overseas Filipinos

After clamor, Canada postpones Filipino frontliner’s deportation

Michelle Abad

This is AI generated summarization, which may have errors. For context, always refer to the full article.

After clamor, Canada postpones Filipino frontliner’s deportation

STAYING. Frontline health worker Carlo Escario at the airport after being informed his deportation was postponed to June 22, 2021.

Photo courtesy of Andrea Lacson

Frontline health worker Carlo Escario gets to stay until June 22, after he receives his second Pfizer dose against COVID-19

After concerned social media users and advocates put up a campaign to keep Filipino frontline health worker Carlo Escario in Canada until he is fully vaccinated against COVID-19, the Canadian government postponed his deportation by the evening of Thursday, May 13 (Manila time).

Escario, 36, was an intensive care unit worker at the Toronto General Hospital treating COVID-19 patients. He was set for deportation on Thursday because of misrepresentation in his permanent residence (PR) application.

The health worker and his lawyer Natalie Domazet requested a 40-day deferral of his deportation so he could get his second Pfizer-BioNTech shot against the coronavirus disease, which was scheduled on June 11. Initially, the Canada Border Services Agency (CBSA) rejected the request.

But on Thursday, as Escario checked in his bags to get on the plane back to Manila, his assigned CBSA officer called to inform him he could stay, according to Escario’s cousin Andrea Lacson. Escario is set to go home on June 22 instead.

In an email to Rappler, Domazet said the information on who rendered the decision was not immediately available. She had also not received any documentation on the decision yet and could not definitively comment on how it was reached, but that she believes “that the social media campaign certainly attracted the government’s attention and played a large role in this outcome.”

“It felt like I was in a movie,” Escario said in a Toronto Star report.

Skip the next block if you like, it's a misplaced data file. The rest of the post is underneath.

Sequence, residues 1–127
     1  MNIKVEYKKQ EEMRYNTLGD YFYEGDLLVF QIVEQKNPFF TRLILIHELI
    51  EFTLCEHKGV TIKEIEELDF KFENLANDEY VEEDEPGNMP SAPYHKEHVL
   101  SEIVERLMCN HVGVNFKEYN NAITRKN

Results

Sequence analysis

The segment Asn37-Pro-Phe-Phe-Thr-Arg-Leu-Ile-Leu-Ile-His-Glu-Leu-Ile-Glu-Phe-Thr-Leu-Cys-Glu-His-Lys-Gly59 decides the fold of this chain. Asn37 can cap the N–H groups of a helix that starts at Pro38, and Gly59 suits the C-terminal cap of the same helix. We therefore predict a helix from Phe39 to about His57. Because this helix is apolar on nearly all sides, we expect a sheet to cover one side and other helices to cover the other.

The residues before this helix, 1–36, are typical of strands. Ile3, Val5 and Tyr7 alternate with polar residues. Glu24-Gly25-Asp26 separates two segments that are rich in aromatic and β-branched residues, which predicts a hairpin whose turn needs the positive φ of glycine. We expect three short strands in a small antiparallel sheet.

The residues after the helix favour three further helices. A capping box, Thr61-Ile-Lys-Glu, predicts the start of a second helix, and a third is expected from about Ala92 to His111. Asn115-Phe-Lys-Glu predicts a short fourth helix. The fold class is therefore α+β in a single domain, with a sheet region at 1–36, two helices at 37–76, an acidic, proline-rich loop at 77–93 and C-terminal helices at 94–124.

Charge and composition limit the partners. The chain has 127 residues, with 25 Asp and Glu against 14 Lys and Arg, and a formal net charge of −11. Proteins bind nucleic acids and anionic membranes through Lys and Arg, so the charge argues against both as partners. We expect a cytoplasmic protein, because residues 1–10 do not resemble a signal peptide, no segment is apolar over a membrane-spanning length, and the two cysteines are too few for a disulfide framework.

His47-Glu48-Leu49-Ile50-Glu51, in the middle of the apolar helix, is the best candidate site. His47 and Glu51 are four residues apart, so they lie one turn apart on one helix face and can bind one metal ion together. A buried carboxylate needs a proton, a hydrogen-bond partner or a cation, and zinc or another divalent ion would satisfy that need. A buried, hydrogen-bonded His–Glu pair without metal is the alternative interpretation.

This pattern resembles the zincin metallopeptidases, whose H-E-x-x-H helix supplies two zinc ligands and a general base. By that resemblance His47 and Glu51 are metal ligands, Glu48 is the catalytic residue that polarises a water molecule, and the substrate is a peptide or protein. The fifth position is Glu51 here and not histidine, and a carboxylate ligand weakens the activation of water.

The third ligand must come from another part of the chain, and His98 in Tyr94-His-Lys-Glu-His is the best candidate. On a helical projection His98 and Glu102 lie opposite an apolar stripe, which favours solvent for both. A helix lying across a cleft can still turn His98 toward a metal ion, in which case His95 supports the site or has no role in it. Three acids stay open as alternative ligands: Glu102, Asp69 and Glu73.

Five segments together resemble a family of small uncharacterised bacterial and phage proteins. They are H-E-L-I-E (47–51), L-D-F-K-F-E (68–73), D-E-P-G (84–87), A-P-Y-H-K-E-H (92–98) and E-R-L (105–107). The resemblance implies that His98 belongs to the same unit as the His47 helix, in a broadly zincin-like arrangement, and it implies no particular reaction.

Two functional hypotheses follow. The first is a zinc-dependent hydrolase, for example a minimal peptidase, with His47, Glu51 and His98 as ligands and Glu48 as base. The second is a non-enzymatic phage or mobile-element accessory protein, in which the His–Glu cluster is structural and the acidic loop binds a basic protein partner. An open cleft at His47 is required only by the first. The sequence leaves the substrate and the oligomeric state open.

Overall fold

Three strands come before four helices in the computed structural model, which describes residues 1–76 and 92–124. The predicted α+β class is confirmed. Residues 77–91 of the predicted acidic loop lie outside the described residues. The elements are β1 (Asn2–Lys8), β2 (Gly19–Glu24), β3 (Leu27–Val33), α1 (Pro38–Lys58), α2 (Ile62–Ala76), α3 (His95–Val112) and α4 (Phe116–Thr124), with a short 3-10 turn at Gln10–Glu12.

Domazet said Escario understands and accepts responsibility for his mistake, but hoped that his contributions to the health industry during the pandemic would be recognized.

Community support

Domazet added that her client was “overwhelmed with appreciation” for the support the social media campaign gathered, as people went the distance to lobby with their local Members of Parliament (MPs) for Escario to stay.

Campaigner Monica de Vera crafted a Google Doc that contained letter templates and step-by-step instructions on how to get in touch with MPs.

“I’m humbled by the efforts from our community. I am at work right now but it’s hard to concentrate because I am overwhelmed with joy. Carlo deserves to stay in Canada and I’m so honored to have helped,” De Vera said in a message to Rappler.

“I believe that this is a perfect example of the appreciation that Canadians have for their frontline workers and the sentiment that those who have stepped up for this country during a time of need ought to be treated with the utmost compassion and admiration,” said Domazet.

According to immigration lawyer Lou Janssen Dangzalan, it is within Immigration Minister Marco Mendicino’s power to confer PR status to Escario even after revocation and removal on the basis of humanitarian and compassionate grounds. Factors could include COVID-19, and Escario’s contributions to Canadian society. 

Escario earlier told local media he thought it was unlikely to get a Pfizer vaccine if he went home to the Philippines. The Philippines just received its first Pfizer vaccine doses on Monday, May 10, but the country’s vaccine stockpile is still mostly comprised of China’s Sinovac and AstraZeneca. – Rappler.com

Add a comment

Sort by

There are no comments yet. Add your comment to start the conversation.

Summarize this article with AI

How does this make you feel?

Download the Rappler App!
Clothing, Apparel, Person


Michelle Abad

Michelle Abad is a multimedia reporter at Rappler. She covers the rights of women and children, migrant Filipinos, and labor.